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A mysterious lung infection in the central Chinese city of Wuhan is being monitored by the WHO. 59 people had been diagnosed with pneumonia of unknown cause. Seven people are in serious condition. Some of the infected worked at a fresh seafood and produce market in the city.
Pathogen studies have ruled out more common respiratory diseases, including influenza, avian flu and adenovirus. All the patients are being treated under quarantine. Wuhan authorities said on Sunday they had excluded the possibility of SARS, Middle East respiratory syndrome (MERS), and bird flu.
According to the World Health Organization (WHO), symptoms of pneumonia are mainly fever, with a number of patients having difficulty breathing, and chest radiographs showing invasive lesions of both lungs.
The seafood market, which has since been closed, also sold live birds, pheasants, and snakes, along with organs of rabbits and other wildlife.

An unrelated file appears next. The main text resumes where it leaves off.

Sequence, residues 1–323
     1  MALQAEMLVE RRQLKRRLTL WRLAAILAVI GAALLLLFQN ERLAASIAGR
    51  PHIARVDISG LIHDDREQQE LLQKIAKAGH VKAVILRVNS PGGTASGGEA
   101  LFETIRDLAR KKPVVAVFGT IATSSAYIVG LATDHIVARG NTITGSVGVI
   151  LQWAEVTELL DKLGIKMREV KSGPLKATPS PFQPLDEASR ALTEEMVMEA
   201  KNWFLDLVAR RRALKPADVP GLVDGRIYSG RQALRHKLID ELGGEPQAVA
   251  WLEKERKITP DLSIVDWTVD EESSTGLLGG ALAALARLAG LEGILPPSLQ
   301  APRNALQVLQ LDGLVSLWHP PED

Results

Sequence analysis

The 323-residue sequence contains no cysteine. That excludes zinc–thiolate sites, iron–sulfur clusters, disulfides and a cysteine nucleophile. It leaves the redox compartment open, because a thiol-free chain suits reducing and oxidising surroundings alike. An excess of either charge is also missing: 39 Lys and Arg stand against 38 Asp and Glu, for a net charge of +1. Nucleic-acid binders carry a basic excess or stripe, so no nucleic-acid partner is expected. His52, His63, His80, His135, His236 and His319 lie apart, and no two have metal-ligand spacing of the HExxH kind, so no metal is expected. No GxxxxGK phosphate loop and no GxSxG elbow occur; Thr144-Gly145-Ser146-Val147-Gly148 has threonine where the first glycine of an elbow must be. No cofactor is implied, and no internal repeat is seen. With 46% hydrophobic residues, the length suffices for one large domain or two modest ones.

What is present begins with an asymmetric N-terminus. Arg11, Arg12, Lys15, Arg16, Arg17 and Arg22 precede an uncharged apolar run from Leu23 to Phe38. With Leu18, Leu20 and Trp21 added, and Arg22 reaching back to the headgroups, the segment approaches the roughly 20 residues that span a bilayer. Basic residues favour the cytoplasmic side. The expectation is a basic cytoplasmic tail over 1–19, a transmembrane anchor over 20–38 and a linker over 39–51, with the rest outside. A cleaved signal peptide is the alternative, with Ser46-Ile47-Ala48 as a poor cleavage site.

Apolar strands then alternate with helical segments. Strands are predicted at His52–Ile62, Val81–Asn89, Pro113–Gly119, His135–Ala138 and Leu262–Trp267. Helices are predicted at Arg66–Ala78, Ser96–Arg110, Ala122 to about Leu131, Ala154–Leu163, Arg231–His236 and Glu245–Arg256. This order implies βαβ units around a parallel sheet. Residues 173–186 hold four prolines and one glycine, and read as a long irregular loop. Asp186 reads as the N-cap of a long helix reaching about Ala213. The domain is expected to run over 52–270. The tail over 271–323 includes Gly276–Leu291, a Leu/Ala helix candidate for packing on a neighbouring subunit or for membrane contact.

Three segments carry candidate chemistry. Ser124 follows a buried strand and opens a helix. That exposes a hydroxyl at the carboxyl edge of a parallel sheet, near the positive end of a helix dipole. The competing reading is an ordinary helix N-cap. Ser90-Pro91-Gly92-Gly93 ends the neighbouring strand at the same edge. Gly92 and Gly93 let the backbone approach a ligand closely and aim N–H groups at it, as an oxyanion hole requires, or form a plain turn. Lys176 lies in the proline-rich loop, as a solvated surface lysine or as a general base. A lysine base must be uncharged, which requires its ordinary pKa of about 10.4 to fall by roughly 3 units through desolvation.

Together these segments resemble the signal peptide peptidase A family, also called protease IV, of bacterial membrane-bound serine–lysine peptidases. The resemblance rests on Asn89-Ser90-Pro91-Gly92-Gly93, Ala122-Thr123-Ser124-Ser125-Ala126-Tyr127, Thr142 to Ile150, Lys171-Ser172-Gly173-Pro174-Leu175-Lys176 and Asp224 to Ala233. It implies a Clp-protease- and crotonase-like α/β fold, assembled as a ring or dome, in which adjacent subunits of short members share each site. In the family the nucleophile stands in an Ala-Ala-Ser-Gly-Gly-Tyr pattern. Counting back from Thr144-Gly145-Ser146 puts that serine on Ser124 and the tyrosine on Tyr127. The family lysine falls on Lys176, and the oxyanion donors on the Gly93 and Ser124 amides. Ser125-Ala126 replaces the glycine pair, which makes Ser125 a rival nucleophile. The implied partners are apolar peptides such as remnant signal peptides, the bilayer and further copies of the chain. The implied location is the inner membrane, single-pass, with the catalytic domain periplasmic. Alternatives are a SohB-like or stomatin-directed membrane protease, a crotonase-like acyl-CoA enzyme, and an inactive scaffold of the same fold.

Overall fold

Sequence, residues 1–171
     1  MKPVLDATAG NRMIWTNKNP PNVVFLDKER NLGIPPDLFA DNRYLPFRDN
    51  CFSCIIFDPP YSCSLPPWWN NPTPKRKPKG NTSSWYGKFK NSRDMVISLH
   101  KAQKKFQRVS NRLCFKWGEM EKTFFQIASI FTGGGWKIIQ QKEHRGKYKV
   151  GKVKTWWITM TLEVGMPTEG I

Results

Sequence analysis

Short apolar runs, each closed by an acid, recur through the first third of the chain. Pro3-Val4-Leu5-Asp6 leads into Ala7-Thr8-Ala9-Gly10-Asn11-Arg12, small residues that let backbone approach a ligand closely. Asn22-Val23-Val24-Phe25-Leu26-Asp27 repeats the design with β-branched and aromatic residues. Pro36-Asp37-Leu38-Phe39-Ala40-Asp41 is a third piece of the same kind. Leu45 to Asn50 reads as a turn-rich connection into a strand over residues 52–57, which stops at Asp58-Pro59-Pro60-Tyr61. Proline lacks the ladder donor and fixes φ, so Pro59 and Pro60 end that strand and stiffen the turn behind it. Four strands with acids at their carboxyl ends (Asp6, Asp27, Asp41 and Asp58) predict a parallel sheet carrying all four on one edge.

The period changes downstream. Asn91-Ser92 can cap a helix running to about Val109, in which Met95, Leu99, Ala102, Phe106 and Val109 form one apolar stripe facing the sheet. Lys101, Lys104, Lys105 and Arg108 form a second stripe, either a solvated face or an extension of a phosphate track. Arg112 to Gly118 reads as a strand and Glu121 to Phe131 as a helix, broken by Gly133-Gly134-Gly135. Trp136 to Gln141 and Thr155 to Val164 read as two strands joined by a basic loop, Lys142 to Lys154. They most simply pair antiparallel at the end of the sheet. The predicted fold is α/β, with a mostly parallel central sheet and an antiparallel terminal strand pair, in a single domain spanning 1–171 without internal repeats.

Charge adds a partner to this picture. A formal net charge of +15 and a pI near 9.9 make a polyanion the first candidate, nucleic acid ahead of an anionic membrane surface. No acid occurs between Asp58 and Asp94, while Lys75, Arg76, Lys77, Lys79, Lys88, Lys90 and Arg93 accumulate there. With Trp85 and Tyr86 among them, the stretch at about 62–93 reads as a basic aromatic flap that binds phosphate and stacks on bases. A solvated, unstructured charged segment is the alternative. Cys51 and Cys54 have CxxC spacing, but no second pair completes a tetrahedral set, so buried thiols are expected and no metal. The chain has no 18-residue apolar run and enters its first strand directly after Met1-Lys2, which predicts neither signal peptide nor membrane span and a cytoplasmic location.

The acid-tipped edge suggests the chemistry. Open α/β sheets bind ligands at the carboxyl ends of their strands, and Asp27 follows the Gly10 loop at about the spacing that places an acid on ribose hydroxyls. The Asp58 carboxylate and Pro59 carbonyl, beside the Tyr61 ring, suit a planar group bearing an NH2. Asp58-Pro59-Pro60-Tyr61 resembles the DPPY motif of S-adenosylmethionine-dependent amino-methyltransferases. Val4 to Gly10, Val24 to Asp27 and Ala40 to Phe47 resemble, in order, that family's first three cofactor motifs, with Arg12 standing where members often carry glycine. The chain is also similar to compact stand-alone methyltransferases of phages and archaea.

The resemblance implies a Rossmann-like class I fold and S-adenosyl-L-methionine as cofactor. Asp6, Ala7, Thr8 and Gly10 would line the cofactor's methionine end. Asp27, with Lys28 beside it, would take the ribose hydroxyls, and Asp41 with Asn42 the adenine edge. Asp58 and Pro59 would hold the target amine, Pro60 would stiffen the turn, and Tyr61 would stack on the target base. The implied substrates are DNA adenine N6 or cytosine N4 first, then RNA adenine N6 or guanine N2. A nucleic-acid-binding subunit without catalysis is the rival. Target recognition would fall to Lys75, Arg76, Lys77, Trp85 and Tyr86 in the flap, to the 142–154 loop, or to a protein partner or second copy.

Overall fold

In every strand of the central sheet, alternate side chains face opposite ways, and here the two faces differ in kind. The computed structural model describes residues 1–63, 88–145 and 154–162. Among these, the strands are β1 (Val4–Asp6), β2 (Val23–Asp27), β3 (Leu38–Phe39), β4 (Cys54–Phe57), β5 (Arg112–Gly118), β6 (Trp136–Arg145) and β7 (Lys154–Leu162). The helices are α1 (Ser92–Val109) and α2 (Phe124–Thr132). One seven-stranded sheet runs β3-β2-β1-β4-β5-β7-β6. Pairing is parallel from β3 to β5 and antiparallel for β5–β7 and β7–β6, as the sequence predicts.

Authorities have said that there has been no obvious evidence of human-to-human transmission so far, and no health care workers have been infected. At least 163 people who have had close contact with those infected have been placed under medical observation.
If it only transmits from animals to humans, now that the market has been shut down and sanitized, the chances for people to be infected will be low. However the possibility of human-to-human transmission cannot be ruled out as respiratory viruses can be transmitted among humans. It is only a matter of how contagious it is.
Hong Kong steps up response: This is reminding us of Severe Acute Respiratory Syndrome, or SARS, which killed almost 800 people about 17 years ago. Its not known whether a SARS-like "coronavirus" has been identified. SARS spread to 37 countries worldwide, infected more than 8,000 people and killed 774 from November 2002 to July 2003. The illness is brought on by a coronavirus, and symptoms include fever, cough, severe headache, dizziness and other flu-like complaints.
Dr KK Aggarwal
President CMAAO, HCFI and Past National President IMA